High Court Turns Away Gay Marriage Appeals in Five States, Including Indiana
The Supreme Court has turned away appeals from five states seeking to prohibit same-sex marriages, paving the way for an immediate expansion of gay and lesbian unions.
The justices on Monday did not comment in rejecting appeals from Indiana, Oklahoma, Utah, Virginia and Wisconsin.
The court's order immediately ends delays on marriage in those states. Couples in six other states should be able to get married in short order.
That would make same-sex marriage legal in 30 states and the District of Columbia. But the justices have left unresolved for now the question of same-sex marriage nationwide.
Supporters of same-sex marriage in Indiana say they are "ecstatic'' with the high court's decision.
American Civil Liberties Union of Indiana Legal Director Ken Falk said Monday that the high court's decision not to hear appeals in the cases of Indiana and four other states means same-sex marriage "is now a reality'' in Indiana.
He says same-sex marriages can now legally resume in the state, but he expects it to take several days for many county clerks to begin issuing licenses.
Hundreds of same-sex couples were married across the state after a federal judge struck down the state's ban in June. County clerks across Indiana are reviewing the Supreme Court's decision.
Monroe County Chief Deputy Clerk Nicole Brown says she expects the clerk to begin issuing marriage licenses to same-sex couples after the county's attorney reviews Monday's events.
The Indiana attorney general's office said it would release a statement in response to the order Monday.
As NPR's Nina Totenberg reported in her preview of the court's new term on today's Morning Edition:
"Right now, the only cases pending before the court are lower court decisions favoring the right of same-sex couples to marry. But a Sixth Circuit Court of Appeals panel, which heard arguments last August in Ohio, sounded as if it might go the other way. If it does, that would provide the kind of traditional conflict the Supreme Court looks to resolve."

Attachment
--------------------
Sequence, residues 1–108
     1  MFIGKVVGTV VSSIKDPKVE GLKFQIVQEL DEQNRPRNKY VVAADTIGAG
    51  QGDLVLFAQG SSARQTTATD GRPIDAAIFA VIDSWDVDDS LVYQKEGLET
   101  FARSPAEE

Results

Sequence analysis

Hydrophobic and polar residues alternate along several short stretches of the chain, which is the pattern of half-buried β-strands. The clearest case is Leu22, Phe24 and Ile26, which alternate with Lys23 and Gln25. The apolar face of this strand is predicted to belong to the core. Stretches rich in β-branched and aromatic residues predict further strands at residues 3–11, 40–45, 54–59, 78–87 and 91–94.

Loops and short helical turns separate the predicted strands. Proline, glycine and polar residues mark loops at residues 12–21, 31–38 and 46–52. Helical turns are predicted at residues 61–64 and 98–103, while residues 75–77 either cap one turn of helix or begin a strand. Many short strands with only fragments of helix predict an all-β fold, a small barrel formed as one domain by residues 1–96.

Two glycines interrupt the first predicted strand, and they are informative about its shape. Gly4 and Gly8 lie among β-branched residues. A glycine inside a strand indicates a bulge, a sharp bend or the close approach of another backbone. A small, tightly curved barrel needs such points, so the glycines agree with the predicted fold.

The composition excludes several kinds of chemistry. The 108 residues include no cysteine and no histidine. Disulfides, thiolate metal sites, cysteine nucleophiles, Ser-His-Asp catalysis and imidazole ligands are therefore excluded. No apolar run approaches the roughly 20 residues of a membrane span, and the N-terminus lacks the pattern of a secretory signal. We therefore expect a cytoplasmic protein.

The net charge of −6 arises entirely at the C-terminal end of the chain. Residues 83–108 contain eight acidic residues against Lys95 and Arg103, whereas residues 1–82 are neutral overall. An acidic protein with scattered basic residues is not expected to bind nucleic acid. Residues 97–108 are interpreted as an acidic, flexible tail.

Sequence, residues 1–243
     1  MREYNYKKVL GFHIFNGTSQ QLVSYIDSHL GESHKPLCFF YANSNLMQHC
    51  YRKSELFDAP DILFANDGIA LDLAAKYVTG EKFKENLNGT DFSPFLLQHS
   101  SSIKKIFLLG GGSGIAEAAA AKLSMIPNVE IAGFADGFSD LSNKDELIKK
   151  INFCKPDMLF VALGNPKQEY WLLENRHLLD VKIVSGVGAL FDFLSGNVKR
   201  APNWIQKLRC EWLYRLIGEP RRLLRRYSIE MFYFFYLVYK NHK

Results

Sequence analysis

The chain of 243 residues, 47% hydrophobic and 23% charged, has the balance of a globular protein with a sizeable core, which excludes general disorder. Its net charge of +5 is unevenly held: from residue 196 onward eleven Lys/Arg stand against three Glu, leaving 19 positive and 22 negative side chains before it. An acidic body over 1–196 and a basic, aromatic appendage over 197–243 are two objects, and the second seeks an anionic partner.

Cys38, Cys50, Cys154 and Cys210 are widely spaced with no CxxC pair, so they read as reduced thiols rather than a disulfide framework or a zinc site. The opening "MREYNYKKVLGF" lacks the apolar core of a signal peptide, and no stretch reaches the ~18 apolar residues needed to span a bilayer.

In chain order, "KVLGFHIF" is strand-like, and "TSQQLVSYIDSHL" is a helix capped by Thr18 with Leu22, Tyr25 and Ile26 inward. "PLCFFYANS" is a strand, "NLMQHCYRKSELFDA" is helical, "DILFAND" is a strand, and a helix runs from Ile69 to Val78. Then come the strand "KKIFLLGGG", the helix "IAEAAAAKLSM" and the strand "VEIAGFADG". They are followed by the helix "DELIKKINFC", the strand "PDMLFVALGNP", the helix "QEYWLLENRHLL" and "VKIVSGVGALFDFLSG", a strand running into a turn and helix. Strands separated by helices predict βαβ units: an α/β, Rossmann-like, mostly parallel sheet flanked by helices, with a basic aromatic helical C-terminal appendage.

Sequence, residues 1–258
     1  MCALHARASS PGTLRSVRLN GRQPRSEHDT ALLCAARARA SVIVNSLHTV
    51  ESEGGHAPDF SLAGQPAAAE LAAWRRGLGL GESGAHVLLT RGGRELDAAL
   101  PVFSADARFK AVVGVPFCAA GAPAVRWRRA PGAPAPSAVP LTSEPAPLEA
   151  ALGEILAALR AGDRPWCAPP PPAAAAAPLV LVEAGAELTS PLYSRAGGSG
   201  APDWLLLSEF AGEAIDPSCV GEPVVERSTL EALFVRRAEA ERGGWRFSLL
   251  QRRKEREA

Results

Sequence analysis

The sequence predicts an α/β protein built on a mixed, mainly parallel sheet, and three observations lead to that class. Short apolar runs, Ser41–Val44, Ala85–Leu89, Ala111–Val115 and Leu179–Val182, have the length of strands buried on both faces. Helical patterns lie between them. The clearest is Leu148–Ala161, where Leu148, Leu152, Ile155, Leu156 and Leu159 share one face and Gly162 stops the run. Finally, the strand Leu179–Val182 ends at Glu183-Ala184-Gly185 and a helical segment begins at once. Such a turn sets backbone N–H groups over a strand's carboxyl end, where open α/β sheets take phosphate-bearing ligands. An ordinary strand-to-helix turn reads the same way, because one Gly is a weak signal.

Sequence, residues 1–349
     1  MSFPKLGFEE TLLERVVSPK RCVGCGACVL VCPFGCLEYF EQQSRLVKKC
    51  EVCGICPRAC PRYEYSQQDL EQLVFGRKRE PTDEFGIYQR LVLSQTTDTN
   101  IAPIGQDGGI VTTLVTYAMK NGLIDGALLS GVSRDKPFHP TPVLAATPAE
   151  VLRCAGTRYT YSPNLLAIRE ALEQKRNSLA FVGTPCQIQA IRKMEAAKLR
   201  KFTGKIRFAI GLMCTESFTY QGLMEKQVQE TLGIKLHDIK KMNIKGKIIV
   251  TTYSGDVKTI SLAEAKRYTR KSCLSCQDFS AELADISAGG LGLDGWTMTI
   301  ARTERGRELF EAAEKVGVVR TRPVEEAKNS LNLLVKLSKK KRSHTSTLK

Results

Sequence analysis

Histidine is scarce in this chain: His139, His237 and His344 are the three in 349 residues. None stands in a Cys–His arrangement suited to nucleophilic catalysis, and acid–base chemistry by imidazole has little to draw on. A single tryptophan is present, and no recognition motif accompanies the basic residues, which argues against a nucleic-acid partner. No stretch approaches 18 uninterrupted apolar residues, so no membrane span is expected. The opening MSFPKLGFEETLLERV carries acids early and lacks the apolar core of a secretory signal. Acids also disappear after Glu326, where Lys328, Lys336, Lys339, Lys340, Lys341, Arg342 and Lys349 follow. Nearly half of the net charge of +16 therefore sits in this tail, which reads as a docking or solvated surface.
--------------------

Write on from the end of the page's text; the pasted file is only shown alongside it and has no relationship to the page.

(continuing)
Update at 10:15 a.m. ET: SCOTUS Calendar And The 'Best Vehicle'
Today's news comes as a surprise to those who suspected the justices might review a same-sex marriage case during the court's new term in order to add more legal clarity to a contentious issue. But it was absent from the court's list of new cases that was issued last week, and it was also missing from additional orders released Monday morning.
The high court held its opening conference last Wednesday; today marks the start of its October term, which will run through June 2015.
On complicated and important issues such as gay marriage, the Supreme Court looks for cases that it sees as the "best vehicle" to decide the issue, an elusive standard whose requirements include strong and clear arguments on both sides of a particular case. As Nina reported this morning, the lawyers who have been touting their own same-sex marriage cases as the best vehicle for the court were said to have "sounded more like car salesmen than Supreme Court advocates."